Neighbour Mark Moravitz told ABC News that Kelley lived at his parents’ home in New Braunfels with his wife. Mr Moravitz said that he would sometimes hear gunshots coming from near the house late at night, reports the Daily Mail.

Mourners participate in a candlelight vigil held for the victims of a fatal shooting at the First Baptist Church in Sutherland Springs, Sunday, Nov. 5, 2017, in Sutherland Springs, Texas. Picture: AP.

Divorce records show he was also married once before to a Tessa K Kelley. Kelley and his other wife divorced in 2012 — the same year that he was court-martialed for domestic violence.

air force spokeswoman Ann Stefanek said Kelley was court-martialed on one count of assault on his spouse and another count of assault on their child.

He was sentenced to 12 months’ confinement, a reduction in rank and was discharged for bad conduct two years later.

Stefanek said Kelley served in Logistics Readiness at Holloman air force Base in New Mexico from 2010 until his discharge, reports Mail Online.


Kelley fatally shot himself after crashing his vehicle with two local residents in hot pursuit, the local sheriff said.

Mr Tackitt said gunfire was exchanged between Kelley, who was clad in black tactical gear, and two armed citizens during the chase after the shootings.

“There was some gunfire exchanged, I believe, on the roadway also, and then (the shooter’s vehicle) wrecked out,” Mr Tackitt said.

State troopers patrol at the entrance to the First Baptist Church (back) after a mass shooting that killed 26 people in Sutherland Springs, Texas on November 6, 2017 Picture: AP.

Texas Governor Greg Abbott told CBS News that the attack on the church in Sutherland Springs, a community of fewer than 400 people east of San Antonio, did not appear to be a “random act”.

Mr Abbott also said Kelley tried to get a license to carry a gun in Texas, but the state denied him.


Former classmates said Kelley was militant atheist who ranted on Facebook about “stupid” religious people.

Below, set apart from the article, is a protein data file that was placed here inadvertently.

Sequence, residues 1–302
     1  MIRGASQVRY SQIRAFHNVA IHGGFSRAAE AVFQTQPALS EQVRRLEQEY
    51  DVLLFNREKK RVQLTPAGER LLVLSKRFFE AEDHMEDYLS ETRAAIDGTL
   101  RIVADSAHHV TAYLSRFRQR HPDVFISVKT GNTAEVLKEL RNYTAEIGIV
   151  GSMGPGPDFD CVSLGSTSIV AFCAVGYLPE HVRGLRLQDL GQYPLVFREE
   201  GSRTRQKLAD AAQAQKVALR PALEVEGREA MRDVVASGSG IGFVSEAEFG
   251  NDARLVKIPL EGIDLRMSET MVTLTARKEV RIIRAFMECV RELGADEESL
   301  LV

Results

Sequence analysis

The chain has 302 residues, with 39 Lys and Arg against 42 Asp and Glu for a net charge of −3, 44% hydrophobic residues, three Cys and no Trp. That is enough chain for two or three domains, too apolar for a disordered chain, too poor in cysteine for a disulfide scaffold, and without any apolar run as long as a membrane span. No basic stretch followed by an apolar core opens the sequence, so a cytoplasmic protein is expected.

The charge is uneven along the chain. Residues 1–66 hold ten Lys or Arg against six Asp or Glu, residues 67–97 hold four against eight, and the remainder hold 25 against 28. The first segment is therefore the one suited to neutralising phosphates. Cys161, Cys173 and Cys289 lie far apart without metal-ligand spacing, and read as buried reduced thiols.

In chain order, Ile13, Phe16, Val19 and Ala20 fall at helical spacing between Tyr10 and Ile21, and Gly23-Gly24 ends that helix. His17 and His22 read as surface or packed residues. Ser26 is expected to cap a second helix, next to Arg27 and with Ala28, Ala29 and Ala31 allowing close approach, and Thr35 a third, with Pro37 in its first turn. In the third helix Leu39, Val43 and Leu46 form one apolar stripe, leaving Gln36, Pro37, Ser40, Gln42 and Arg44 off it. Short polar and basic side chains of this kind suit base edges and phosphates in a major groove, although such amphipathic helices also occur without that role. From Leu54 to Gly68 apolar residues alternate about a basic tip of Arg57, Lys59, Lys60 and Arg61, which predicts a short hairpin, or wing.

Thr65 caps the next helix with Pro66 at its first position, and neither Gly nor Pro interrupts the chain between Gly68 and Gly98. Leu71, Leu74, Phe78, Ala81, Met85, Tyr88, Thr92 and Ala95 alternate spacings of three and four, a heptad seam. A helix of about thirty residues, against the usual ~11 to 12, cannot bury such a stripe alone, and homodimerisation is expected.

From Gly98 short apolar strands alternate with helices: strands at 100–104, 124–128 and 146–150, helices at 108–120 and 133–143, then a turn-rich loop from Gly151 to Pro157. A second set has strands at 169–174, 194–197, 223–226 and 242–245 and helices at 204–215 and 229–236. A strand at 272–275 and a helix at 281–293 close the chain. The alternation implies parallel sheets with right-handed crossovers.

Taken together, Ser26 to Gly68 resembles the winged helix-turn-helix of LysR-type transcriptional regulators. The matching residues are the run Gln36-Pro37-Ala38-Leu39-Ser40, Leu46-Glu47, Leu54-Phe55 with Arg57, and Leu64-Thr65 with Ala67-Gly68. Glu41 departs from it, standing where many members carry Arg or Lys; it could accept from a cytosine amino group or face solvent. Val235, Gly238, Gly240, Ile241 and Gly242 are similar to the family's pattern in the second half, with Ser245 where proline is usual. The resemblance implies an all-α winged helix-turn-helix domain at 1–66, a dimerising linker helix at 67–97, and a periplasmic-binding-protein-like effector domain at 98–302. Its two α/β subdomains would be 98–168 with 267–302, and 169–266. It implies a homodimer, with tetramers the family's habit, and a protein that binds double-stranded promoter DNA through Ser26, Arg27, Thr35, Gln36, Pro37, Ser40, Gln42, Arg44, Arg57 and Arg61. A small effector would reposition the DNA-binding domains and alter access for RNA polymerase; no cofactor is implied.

Classmate Nina Rosa Nava write on Facebook that the mass murderer used to rant on the social network about his atheist beliefs.

She said: “He was always talking about how people who believe in God were stupid and trying to preach his atheism,” reports The Sun.

Fellow user Christopher Leo Longoria replied: “I removed him off FB for those same reasons! He was being super nagtive (sic) all the time (sic).”

Carrie Matula embraces a woman after a fatal shooting at the First Baptist Church in Sutherland Springs, Texas. Picture: AP.


Responding to the Texas tragedy while in Japan, the US President insisted guns are not the problem and attempted to hose down any legislative hopes.

Kelley was “deranged”, Mr Trump said.

Donald Trump said the shooter was deranged. Picture: Supplied.

“We have a lot of mental health problems in our country, but this isn’t a gun situation,” he said.

Rather than an example of the need for gun control in the US, Mr Trump insisted it was a “mental health problem at the highest level” instead.

Among the dozens murdered and injured, ranging in age from five to 72, was Annabelle Pomeroy, the 14-year-old daughter of the church’s pastor Frank Pomeroy.